What Employees Can be Paid Less Than the Minimum Wage?

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With exceptions as to what employees can be paid less than minimum wage, you may wonder if your employer is giving you your rightful wages. Nonetheless, it is essential that you fully understand the rights given to you by federal and New York state laws. Follow along to find out what minimum wage rate is appropriate for you and how a proficient New York minimum wage lawyer at Bell Law Group can fight on your behalf for the compensation that you deserve.

What is New York’s minimum wage?

Both federal and New York state laws have established a minimum hourly rate that employers must follow. Of note, the current minimum wage in New York state is $14.20 per hour. However, the current minimum wage in New York City, Nassau County, Westchester County, and Suffolk County specifically is $15.00 per hour. This applies to large employers (i.e. 11 or more employees) and small employers (i.e., 10 or fewer employees) alike.

As for the federal minimum wage, this is $7.25 per hour. But still, you are entitled to be paid the higher New York minimum wage rate.

What types of employees can be paid less than New York’s minimum wage rate?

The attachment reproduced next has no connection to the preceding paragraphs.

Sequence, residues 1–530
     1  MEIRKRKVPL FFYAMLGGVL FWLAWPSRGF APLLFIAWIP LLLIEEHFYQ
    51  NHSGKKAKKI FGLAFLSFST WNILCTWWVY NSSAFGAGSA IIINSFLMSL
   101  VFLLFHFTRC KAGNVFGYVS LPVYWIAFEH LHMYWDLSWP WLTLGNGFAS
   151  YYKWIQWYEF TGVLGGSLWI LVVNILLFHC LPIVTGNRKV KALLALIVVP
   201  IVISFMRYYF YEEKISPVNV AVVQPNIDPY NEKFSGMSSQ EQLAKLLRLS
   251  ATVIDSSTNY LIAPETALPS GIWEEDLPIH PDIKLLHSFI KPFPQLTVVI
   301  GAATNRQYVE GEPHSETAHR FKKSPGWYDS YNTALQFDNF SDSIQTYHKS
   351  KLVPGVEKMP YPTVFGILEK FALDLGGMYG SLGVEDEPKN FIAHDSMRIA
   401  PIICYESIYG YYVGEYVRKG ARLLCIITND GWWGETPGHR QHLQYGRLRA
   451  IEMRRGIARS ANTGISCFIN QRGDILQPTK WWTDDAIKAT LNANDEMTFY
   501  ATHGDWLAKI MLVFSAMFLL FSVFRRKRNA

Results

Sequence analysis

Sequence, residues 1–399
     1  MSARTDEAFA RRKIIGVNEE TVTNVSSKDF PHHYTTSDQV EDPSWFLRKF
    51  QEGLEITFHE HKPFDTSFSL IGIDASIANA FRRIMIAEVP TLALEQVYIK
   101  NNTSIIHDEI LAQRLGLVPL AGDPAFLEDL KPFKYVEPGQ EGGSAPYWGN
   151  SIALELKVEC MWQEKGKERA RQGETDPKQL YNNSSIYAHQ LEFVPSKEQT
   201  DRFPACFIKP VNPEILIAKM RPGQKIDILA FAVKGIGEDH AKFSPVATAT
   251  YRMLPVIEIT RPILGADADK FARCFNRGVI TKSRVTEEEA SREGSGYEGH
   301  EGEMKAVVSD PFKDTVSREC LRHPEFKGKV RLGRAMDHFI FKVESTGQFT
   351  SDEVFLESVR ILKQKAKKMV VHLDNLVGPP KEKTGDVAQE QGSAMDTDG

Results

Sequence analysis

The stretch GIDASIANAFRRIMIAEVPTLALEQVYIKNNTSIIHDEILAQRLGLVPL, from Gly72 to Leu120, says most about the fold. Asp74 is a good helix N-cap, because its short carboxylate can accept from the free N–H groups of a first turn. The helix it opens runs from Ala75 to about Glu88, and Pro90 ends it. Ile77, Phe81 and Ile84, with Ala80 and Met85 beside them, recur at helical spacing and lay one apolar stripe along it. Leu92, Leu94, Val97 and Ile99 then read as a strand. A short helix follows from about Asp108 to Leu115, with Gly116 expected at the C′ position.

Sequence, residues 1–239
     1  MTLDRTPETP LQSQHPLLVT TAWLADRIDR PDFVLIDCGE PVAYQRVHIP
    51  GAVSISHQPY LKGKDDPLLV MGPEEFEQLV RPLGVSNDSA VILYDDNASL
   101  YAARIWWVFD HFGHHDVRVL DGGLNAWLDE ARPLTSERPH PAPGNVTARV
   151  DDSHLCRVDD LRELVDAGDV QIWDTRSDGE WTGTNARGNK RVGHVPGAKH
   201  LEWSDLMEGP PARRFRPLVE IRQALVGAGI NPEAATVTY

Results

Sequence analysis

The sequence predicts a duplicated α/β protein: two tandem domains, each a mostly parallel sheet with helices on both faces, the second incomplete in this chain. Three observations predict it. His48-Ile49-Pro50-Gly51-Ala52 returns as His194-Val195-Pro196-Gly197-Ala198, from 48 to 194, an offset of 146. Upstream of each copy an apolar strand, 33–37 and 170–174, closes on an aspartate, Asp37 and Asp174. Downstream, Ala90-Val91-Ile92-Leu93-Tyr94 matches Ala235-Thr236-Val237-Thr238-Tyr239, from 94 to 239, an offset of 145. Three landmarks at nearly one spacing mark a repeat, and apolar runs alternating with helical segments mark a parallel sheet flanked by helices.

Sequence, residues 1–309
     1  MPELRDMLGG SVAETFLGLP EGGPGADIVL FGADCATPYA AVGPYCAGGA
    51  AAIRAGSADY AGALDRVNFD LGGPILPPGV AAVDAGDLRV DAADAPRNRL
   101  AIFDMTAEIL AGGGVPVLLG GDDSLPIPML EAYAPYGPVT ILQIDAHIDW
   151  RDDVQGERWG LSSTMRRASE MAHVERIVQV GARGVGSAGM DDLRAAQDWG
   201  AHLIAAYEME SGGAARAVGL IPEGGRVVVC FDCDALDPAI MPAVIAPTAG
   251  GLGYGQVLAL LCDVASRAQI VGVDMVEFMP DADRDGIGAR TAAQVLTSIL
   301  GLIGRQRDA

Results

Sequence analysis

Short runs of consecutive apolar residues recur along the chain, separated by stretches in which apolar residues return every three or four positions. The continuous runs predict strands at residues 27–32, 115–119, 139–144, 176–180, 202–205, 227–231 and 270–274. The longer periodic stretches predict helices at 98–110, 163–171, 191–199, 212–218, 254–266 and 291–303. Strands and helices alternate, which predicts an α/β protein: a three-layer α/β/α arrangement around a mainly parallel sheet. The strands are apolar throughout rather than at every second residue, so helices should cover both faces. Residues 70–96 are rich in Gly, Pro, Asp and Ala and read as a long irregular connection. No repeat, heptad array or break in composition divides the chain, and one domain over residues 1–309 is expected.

What gets complicated is that both federal and New York state laws have minimum wage exceptions. And so, the following types of employees may be paid less than New York’s minimum wage rate:

  • Tipped employees (i.e., waiters).
  • Minors and young workers under the age of 20.
  • Full-time and vocational students.
  • Employees with disabilities.
  • Employees for minimum wage exempt organizations (i.e., nonprofit organizations).

What should I do if I get paid less than New York’s minimum wage rate?

It is an unfortunate truth that employers often try to work around minimum wage laws so that they can improve their profit margins. Sometimes, they do so in not-so-obvious ways, like the following examples:

  • Your employer may ask you to work “off the clock” so it looks like you are being paid the minimum wage rate on paper.
  • Your employer may force you to go on unpaid leaves, even though you are able and willing to work.
  • Your employer may dock some money from your paycheck, making it below the minimum wage rate.

If you do not fall under a minimum wage exception but you are still underpaid, then you cannot let your employer take advantage of you in this way. And even though the Labor Standards Division is in charge of enforcing the New York State Minimum Wage Act, you may still have to take matters into your own hands via legal action.

So, if you are ready to stand up for your rights and hold your employer accountable for their violation of fair pay practices, you must schedule your initial consultation with a talented New York wage and hour lawyer today. We look forward to your call.

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